Most prior studies have found that substituting biofuels for gasoline will reduce greenhouse gases because biofuels sequester carbon through the growth of the feedstock. These analyses have failed to count the carbon emissions that occur as farmers worldwide respond to higher prices and convert forest and grassland to new cropland to replace the grain (or cropland) diverted to biofuels. By using a worldwide agricultural model to estimate emissions from land-use change, we found that corn-based ethanol, instead of producing a 20% savings, nearly doubles greenhouse emissions over 30 years and increases greenhouse gases for 167 years. Biofuels from switchgrass, if grown on U.S. corn lands, increase emissions by 50%. This result raises concerns about large biofuel mandates and highlights the value of using waste products.

Bizarro Earth

Biofuels will speed climate change, chief scientist says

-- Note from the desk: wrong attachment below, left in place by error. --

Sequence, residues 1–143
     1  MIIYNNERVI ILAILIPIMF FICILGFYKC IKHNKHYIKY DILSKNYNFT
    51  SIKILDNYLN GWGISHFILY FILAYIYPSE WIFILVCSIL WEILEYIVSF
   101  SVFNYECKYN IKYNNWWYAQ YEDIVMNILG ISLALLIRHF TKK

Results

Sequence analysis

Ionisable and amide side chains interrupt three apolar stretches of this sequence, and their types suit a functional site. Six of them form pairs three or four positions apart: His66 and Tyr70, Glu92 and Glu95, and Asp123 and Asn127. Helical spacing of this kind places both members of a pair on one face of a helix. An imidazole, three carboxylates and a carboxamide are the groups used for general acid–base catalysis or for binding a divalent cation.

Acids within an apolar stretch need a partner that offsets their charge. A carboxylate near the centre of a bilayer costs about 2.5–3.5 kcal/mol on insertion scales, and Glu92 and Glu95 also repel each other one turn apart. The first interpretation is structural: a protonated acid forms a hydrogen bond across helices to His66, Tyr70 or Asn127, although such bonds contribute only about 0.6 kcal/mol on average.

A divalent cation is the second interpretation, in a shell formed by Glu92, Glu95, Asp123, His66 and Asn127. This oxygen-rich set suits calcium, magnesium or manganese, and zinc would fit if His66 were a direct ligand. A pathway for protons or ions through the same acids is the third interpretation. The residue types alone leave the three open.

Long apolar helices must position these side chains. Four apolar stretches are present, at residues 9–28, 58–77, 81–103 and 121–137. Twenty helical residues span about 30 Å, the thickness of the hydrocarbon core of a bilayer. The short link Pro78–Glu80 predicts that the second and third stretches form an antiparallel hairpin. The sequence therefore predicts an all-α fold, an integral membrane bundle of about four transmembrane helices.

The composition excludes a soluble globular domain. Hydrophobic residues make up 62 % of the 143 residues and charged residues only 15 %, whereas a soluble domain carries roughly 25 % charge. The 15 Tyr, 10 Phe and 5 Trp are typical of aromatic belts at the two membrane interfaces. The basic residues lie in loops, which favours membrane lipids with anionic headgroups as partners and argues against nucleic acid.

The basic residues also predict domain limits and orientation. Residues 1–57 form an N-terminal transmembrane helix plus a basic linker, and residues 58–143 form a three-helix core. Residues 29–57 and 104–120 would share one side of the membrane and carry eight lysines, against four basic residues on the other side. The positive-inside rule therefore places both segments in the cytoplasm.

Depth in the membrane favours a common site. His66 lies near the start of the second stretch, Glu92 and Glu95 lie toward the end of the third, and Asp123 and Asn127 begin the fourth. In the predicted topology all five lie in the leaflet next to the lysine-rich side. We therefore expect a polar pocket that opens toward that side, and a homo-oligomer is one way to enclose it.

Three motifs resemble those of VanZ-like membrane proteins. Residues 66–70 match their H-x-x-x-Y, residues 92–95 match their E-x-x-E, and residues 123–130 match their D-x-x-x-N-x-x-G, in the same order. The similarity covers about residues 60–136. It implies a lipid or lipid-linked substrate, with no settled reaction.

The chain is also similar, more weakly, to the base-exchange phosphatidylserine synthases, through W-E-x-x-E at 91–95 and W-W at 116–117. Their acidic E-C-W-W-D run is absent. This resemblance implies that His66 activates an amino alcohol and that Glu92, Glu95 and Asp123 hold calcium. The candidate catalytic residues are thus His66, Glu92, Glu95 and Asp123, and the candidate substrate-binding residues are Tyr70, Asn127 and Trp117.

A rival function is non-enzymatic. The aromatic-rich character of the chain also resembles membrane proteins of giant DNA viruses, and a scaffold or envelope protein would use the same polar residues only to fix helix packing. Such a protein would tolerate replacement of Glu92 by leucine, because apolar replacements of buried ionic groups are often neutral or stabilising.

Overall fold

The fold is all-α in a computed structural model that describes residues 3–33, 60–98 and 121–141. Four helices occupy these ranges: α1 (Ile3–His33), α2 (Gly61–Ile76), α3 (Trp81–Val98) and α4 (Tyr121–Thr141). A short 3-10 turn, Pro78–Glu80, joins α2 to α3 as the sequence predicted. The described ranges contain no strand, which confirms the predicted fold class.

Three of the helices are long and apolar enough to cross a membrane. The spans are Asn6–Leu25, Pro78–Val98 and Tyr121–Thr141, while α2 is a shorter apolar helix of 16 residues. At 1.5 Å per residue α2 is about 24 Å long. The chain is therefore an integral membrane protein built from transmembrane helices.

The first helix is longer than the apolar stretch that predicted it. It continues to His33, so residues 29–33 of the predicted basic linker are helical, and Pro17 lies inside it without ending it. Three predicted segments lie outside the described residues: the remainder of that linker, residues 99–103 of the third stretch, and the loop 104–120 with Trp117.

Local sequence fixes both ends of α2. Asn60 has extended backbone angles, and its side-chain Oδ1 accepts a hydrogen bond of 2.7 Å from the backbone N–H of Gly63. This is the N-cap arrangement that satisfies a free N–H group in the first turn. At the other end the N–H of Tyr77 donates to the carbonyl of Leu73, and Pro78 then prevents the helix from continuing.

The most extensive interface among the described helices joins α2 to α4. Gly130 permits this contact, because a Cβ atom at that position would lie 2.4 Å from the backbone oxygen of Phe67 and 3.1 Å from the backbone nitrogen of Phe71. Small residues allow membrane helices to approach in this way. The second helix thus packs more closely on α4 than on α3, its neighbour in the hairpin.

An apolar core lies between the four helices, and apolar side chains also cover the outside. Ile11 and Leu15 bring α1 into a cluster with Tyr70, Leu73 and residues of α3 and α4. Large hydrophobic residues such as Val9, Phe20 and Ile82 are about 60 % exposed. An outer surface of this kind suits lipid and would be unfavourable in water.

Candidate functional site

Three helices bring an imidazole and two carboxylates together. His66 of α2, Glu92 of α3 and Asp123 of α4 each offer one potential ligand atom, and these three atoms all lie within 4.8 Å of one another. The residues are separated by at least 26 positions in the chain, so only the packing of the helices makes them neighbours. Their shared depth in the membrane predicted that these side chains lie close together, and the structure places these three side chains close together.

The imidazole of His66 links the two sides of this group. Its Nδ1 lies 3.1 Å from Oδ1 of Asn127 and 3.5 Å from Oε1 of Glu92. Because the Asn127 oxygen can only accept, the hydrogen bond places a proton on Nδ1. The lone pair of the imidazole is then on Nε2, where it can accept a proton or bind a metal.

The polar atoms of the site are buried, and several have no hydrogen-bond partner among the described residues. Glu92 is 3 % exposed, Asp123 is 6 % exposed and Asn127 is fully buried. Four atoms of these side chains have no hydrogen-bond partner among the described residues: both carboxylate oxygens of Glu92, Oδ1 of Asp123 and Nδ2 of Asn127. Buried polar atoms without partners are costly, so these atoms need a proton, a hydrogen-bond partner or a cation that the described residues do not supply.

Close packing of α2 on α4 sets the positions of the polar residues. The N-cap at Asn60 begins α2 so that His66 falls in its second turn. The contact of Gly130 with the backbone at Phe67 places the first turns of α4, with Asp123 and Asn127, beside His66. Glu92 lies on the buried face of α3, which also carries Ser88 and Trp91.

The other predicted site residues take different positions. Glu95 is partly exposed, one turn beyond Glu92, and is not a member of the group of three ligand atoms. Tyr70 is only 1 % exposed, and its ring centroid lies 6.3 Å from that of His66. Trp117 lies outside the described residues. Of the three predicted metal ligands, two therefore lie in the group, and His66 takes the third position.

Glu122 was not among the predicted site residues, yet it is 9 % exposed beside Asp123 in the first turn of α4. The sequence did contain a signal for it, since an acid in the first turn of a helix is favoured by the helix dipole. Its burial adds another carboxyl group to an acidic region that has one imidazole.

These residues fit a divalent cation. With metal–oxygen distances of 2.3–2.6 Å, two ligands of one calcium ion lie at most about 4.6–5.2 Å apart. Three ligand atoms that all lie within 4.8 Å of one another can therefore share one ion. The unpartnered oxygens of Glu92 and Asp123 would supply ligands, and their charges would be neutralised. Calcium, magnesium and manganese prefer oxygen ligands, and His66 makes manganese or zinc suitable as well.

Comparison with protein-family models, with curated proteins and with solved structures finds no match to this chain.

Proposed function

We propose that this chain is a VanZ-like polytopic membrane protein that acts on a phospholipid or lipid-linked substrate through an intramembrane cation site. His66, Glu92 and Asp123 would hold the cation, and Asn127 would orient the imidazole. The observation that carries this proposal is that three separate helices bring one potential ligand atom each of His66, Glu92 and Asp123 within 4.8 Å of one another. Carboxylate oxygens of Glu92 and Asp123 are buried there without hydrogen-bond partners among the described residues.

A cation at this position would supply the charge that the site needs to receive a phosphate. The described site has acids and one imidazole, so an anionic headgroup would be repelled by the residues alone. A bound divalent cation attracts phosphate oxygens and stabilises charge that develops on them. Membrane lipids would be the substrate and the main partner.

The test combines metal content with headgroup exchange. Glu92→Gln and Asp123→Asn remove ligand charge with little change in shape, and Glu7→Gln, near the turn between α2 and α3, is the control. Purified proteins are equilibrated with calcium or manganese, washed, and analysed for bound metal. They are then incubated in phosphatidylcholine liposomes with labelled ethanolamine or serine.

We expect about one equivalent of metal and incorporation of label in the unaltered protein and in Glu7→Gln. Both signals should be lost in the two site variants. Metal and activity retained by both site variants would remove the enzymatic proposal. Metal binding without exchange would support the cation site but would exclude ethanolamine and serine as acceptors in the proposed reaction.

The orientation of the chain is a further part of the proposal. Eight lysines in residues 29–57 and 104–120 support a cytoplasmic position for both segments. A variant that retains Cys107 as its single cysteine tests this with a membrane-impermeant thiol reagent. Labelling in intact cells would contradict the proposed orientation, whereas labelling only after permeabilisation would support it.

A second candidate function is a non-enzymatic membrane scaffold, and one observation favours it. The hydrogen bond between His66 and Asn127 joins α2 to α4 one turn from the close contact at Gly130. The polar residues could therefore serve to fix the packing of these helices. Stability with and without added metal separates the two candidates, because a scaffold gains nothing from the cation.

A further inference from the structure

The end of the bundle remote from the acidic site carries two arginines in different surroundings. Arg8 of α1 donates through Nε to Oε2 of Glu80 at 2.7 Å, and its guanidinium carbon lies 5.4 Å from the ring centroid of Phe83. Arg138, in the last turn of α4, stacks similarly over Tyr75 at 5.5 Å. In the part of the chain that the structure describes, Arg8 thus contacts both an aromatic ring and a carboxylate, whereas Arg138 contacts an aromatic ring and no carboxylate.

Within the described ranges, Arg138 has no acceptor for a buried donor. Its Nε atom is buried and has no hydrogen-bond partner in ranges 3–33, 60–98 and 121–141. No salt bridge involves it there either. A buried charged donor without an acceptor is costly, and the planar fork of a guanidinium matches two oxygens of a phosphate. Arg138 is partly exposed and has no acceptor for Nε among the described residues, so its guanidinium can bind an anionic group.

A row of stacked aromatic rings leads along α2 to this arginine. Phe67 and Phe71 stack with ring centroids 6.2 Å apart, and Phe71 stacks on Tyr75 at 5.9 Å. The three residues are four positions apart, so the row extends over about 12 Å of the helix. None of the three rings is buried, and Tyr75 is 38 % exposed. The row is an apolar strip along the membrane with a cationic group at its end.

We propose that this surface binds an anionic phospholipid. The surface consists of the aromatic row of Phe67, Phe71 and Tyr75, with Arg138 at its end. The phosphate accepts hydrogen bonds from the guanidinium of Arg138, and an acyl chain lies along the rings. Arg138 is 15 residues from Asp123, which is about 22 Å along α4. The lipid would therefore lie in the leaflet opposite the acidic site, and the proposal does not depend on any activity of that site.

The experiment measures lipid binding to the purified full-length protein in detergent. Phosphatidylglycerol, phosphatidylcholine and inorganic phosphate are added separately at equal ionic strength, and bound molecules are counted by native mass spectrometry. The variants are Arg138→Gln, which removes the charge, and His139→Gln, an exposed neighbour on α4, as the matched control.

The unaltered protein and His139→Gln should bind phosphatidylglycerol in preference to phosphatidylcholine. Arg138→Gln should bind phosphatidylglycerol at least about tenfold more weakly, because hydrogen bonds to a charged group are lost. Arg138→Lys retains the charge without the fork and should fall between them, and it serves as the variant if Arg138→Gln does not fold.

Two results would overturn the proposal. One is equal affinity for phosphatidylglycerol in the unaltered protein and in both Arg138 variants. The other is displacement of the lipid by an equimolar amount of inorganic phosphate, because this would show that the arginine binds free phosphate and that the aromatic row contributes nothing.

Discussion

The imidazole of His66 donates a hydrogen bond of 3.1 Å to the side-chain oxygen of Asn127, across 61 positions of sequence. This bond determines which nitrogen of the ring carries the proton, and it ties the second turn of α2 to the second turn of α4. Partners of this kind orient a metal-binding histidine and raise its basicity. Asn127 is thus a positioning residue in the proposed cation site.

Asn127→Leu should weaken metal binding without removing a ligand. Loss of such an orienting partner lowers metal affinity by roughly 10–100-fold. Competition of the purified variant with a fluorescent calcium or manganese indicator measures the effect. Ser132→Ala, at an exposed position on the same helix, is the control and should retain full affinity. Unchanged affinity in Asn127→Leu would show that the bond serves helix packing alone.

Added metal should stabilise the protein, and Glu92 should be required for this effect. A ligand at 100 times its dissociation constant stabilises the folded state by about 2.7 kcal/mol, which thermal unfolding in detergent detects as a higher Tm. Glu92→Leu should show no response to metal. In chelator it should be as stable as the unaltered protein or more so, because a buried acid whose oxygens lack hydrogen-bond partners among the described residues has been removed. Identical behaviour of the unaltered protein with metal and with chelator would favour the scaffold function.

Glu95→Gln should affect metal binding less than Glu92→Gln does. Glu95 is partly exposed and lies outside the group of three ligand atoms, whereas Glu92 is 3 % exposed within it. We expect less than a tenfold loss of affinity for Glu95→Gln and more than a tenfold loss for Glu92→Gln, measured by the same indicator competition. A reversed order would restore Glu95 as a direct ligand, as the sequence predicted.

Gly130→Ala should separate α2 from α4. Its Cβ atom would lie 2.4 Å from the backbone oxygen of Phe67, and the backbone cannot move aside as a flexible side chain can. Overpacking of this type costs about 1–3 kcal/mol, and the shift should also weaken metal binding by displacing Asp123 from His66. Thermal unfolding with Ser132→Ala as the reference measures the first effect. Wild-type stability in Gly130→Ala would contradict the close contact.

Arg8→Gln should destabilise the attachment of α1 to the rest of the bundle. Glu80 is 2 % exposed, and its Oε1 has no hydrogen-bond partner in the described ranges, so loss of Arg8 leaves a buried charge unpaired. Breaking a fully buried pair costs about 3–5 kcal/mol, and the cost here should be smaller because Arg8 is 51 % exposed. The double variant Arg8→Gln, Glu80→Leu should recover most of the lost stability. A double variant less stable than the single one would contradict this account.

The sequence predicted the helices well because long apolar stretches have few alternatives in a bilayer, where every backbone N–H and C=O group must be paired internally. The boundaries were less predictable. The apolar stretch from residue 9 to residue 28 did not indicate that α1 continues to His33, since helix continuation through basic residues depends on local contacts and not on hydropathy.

The UK's chief environment scientist has called for a delay to a policy demanding inclusion of biofuels into fuel at pumps across the UK.

Professor Robert Watson said ministers should await the results of their inquiry into biofuels' sustainability.

Some scientists think biofuels' carbon benefits may be currently outweighed by negative effects from their production.


4.1 earthquake at Yellowstone National Park

US Dept. of the Interior - National Park Service
©National Park Service
At Yellowstone and some other volcanoes, some scientists theorize that the earth's crust fractures and cracks in a concentric or ring-fracture pattern. At some point these cracks reach the magma "reservoir," release the pressure, and the volcano explodes. The huge amount of material released causes the volcano to collapse into a huge crater - a caldera.

Comment: The University of Utah, as a member of the Advanced National Seismic System (ANSS), maintains a series of seismograph stations at Yellowstone National Park. Recent readings capturing a short series of quakes can be seen at their site.